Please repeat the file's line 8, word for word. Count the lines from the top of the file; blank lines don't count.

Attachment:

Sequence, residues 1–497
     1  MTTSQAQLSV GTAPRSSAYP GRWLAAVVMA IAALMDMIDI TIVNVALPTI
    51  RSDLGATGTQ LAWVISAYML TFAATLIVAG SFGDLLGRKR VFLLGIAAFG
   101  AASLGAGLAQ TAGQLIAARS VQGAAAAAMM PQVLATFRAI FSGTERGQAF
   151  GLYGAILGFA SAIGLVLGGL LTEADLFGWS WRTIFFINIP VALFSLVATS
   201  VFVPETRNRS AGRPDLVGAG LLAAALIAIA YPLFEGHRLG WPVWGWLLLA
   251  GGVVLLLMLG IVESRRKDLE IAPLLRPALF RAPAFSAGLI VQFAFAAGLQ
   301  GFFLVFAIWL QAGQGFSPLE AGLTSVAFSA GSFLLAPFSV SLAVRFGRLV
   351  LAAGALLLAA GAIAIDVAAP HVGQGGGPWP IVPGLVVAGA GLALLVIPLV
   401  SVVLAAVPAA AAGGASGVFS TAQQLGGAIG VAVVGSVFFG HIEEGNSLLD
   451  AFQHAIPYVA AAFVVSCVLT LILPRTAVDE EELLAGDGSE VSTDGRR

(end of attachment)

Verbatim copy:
   301  GFFLVFAIWL QAGQGFSPLE AGLTSVAFSA GSFLLAPFSV SLAVRFGRLV